Turkey in the First World War
ranking military authority in the Ottoman Empire was, according to both the
constitution proclaimed in 1908 and the Ottoman tradition, the Sultan
himself, who had the title of Head Commander (başkomutan).
Although Ottoman sultans of earlier eras were leading their armies personally
on the battlefield and taking an active part in battles and campaigns, for
those in the early 20th century, namely Abdülhamit II, Mehmet Reşad and
Vahdettin, the title of Head Commander remained only in theory, and this
authority was exerted through either a group of high ranking staff officers
and/or an Acting Head Commander (başkomutan vekili).
In the aftermath of the abolition of Janissaries as an institution in 1826, the Ministry of War (Harbiye Nezareti) became the highest body of army organisation. Until the reinstallment of the constitutional rule in 1908, this Ministry was far from functioning efficiently. It had only three departments (infantry, artillery and cavalry) among which there was no coordination at all. Reformation of the Ministry of War began with Mahmut Şevket Paşa, who was appointed minister in 1910. A process of substantial restructuring took place of the following two years in which Mahmut Şevket Paşa received a great support by young and well educated officers in the ministry.
period, the main departments in the Ministry of War were the general staff, infantry, heavy artillery, field artillery, cavalry,
transportation, medical, veterinary, communications, engineering, judiciary,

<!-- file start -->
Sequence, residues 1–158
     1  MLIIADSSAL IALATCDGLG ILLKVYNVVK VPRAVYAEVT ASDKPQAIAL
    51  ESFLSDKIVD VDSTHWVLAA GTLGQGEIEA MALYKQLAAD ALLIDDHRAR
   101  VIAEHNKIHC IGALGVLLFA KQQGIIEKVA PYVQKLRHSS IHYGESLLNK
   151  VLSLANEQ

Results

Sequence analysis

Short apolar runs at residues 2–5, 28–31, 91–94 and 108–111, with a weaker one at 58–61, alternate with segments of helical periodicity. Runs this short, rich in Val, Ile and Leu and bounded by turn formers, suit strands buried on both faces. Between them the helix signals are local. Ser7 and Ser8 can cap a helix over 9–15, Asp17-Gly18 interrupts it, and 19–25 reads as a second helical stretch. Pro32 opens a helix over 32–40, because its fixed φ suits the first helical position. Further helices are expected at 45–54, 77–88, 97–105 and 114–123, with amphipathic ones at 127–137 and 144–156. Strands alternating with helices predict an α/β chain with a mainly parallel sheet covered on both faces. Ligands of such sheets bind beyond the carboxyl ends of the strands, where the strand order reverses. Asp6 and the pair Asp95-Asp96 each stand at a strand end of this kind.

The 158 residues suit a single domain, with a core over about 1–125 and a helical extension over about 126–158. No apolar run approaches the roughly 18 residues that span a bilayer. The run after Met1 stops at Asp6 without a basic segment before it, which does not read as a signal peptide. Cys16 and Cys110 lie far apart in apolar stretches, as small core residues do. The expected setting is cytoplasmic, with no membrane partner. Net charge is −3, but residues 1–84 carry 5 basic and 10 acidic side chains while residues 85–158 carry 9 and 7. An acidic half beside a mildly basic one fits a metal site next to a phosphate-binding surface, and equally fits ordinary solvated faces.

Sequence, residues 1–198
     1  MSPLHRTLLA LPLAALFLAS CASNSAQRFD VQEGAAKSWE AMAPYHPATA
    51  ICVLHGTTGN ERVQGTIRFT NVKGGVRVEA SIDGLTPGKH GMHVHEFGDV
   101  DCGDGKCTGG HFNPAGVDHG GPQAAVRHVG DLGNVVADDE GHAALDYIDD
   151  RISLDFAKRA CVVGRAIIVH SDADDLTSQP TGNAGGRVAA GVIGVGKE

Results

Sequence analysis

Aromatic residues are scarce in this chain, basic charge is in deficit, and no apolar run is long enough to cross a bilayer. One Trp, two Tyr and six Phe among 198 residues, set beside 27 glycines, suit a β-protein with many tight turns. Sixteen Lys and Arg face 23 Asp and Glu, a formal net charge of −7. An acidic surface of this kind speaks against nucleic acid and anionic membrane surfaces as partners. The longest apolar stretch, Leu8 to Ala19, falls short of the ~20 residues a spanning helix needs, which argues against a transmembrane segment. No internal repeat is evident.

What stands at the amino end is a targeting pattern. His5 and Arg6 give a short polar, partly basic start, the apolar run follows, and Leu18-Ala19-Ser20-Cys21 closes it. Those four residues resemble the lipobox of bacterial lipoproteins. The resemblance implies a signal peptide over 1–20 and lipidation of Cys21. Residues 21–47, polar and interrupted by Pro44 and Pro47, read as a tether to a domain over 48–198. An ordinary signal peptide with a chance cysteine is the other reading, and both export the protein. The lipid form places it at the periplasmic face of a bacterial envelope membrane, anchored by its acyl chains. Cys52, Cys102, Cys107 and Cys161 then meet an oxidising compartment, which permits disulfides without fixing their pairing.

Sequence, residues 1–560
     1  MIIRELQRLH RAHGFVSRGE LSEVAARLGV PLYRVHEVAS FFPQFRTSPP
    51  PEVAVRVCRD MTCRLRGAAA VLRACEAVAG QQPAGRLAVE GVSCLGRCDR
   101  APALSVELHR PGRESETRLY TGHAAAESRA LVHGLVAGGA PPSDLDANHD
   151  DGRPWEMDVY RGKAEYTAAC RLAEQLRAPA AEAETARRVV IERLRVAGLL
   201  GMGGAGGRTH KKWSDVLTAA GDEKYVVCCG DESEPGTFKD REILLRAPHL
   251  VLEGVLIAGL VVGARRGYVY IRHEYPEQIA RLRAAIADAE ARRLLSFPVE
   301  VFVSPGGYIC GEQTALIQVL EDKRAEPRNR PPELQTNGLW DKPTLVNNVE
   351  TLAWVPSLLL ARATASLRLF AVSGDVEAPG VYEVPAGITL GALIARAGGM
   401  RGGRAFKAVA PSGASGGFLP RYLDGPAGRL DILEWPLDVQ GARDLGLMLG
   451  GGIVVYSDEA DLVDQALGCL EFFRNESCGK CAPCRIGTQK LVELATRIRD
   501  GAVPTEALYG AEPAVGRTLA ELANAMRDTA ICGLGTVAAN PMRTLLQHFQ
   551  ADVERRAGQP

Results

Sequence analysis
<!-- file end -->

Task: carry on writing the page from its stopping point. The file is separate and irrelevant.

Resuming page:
supplies and accounting. Additionally, there were also the Inspectorate
General of Fortified Zones, Inspectorate General of Education, Directorate
of Military Factories and the Gendarmerie Command, which were
directly reporting to the Ministry of War.
The War Council (Askeri Şura) was established in 1909 as a commission within the Ministry of War. It had both permanent and provisional members. The War Council was chaired by the minister of war and the permanent members were the chief of general staff, commanders of First, Second and Third Armies and the Commander of the 1st Cavalry Division. Provisional members attended the meetings of the council when it was necessary and they were the cavalry commanders of the First and Third Armies and the deputy chief of general staff. Heads of departments could attend the meetings only on occasions when they were asked to express their opinion on specific issues, but they had no voting rights.
Council had the task of discussing issues related to the organisation of the
army, mobilisation, strategies, training, armaments, fortified zones and
promotions of generals. It convened whenever it was deemed necessary or when
the sultan called for a meeting. Regular meetings were held on the first
Monday of every month.
Staff (Erkan-ı Harbiye-i
Umumiye Dairesi) was a
department within the Ministry of War. Before the proclamation of the
constitution in 1908, it had only secondary importance and was responsible
for work such as recruitment, reserves, judiciary and printing charts,
because at that time the main military institution was the office of the
head commander, which basically meant the group of high ranking staff
officers that was close to the sultan.
Paşa’s work produced good results and he managed to provide a better and
much more efficient structure for the General Staff. At the outbreak of the
Balkan Wars, the General Staff was divided into seven departments and it
formed the headquarters of Nazım Paşa, the acting head commander. When the
war was lost, further changes were needed and these came with Enver Paşa,
who on January 3, 1914 replaced Ahmet İzzet Paşa as both the minister of war
and the chief of general staff. With the advice he received from the German
Military Mission, he restructured the General Staff. At the same time there
was also the office of the acting head commander that was
also held by Enver Paşa.
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